Now, from my experience, Japan is an extremely safe country. Safe to the point that you can feel comfortable using your bag to reserve a table in a fast-food diner. Honestly, I have been nowhere in the world that the people are as helpful, friendly, and nice as the Japanese. So if I would recommend something to avoid, I would have to say the general area of Shimbashi at night as this area is part of a red-light district and while it appears to be a mild-mannered one it may make some visitors feel uncomfortable.
That aside, another thing that Nagasaki has in its favour is that there are hundreds of great places to eat. As you would expect being Japan, there are lots of restaurants serving sushi, sashimi, tempura, udon, okonomiyaki and ramen. So, you can feel safe that, wherever you pick, you’re going to get an authentic taste of the region. There are also many great bars to grab a drink in. Some of the best ones, in my experience, are located along Harusame Street.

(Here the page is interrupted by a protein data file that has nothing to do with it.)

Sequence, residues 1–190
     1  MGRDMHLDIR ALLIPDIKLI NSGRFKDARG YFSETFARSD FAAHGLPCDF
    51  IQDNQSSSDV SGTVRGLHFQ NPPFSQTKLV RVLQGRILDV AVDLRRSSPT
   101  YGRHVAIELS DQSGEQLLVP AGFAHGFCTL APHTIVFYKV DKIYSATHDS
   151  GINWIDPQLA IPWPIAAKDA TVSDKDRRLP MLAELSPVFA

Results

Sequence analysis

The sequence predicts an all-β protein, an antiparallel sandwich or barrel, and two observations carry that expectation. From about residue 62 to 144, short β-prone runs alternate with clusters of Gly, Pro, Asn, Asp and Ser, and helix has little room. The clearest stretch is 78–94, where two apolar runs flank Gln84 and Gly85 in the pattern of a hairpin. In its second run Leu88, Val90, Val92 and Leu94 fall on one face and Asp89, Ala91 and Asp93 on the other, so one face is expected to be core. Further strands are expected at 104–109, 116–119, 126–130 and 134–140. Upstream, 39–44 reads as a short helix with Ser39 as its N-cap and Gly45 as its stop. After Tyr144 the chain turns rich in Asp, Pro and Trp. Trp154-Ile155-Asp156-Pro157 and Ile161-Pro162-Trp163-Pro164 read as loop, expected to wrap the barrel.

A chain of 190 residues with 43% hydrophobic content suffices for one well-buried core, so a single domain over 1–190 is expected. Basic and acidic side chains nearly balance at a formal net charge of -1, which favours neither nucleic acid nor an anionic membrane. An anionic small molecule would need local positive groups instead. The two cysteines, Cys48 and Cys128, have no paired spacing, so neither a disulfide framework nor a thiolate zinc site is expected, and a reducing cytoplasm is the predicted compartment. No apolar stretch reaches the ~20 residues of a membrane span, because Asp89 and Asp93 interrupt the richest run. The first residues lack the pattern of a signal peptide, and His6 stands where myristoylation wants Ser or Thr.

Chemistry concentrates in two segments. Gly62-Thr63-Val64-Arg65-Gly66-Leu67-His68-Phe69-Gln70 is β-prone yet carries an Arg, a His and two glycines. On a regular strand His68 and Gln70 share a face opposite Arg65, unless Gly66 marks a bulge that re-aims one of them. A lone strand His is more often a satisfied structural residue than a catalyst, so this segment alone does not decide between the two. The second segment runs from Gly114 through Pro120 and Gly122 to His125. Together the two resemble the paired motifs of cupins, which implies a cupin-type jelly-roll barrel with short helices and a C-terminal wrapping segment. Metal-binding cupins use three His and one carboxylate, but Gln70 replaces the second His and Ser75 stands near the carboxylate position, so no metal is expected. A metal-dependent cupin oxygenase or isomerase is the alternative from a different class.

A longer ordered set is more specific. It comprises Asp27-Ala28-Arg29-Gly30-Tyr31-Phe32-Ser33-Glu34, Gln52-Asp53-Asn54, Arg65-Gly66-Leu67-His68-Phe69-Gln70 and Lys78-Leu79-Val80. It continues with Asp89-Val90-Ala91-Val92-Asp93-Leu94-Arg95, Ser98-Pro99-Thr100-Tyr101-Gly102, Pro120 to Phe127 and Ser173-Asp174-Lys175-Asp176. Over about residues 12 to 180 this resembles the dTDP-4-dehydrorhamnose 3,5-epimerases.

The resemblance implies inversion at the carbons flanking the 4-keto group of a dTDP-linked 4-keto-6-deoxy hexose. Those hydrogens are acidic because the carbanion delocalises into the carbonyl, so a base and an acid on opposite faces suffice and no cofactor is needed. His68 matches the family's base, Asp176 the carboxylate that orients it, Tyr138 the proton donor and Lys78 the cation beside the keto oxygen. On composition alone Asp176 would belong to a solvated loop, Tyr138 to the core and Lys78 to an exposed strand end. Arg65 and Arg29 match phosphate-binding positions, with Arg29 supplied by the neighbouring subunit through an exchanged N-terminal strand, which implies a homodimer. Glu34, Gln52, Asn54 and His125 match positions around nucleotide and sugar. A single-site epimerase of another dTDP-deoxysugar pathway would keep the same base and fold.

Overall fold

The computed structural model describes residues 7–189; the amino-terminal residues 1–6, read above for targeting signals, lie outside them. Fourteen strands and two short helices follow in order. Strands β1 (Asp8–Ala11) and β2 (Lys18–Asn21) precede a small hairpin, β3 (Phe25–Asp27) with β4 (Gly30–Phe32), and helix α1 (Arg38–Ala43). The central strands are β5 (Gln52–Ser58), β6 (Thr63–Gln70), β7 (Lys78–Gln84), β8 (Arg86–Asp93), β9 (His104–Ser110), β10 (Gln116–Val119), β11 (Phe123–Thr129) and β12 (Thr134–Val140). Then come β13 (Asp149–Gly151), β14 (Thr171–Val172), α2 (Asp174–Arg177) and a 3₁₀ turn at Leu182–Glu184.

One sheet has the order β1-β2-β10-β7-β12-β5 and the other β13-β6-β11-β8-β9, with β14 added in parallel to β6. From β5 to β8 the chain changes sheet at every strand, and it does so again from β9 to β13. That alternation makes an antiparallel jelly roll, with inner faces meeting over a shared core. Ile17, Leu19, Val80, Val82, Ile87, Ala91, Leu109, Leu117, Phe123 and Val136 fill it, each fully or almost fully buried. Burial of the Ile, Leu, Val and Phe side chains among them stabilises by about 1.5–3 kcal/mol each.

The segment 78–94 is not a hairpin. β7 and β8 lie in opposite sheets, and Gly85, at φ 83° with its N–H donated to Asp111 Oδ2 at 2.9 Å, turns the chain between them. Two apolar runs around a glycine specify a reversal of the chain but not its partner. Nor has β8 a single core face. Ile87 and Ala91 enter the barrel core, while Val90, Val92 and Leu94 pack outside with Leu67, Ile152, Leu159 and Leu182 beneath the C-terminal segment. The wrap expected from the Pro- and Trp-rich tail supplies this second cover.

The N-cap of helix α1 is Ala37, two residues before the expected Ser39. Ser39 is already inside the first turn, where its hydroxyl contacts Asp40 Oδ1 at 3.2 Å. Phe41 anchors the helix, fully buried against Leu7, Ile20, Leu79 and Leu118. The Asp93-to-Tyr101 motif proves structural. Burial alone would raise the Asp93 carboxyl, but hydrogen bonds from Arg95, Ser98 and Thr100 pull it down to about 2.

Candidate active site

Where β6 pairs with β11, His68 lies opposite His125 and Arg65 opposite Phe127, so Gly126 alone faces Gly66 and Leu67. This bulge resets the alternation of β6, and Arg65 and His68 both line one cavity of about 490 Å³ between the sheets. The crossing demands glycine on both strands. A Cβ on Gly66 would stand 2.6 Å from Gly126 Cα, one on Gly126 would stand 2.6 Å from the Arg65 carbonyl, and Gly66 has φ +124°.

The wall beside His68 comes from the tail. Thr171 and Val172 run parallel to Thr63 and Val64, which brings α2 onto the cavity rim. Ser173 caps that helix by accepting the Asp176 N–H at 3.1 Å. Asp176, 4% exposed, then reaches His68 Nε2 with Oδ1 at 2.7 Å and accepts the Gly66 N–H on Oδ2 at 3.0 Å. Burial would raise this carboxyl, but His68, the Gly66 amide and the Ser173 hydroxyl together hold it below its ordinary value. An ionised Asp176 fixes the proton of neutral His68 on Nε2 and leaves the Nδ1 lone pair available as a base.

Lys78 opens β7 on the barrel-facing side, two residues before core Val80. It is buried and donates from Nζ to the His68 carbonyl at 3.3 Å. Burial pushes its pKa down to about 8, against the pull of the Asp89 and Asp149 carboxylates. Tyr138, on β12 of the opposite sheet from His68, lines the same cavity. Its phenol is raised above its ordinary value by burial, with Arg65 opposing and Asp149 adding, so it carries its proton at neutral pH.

Many of these bars are extremely small and will only seat a few people (10 maximum). Some don’t have seats at all, and you simply stand at one end of the bar and work your way down it as more people enter. You only stay in these places if you are drinking. No drink, then the bartender will politely ask you to leave to make space for paying customers. Make sure you order at least one round of sake – Japanese rice wine – during a visit. These bars make for a great end-of-trip location in Nagasaki and, with your drink in hand, give you time to reflect upon your own experiences within this great historic city.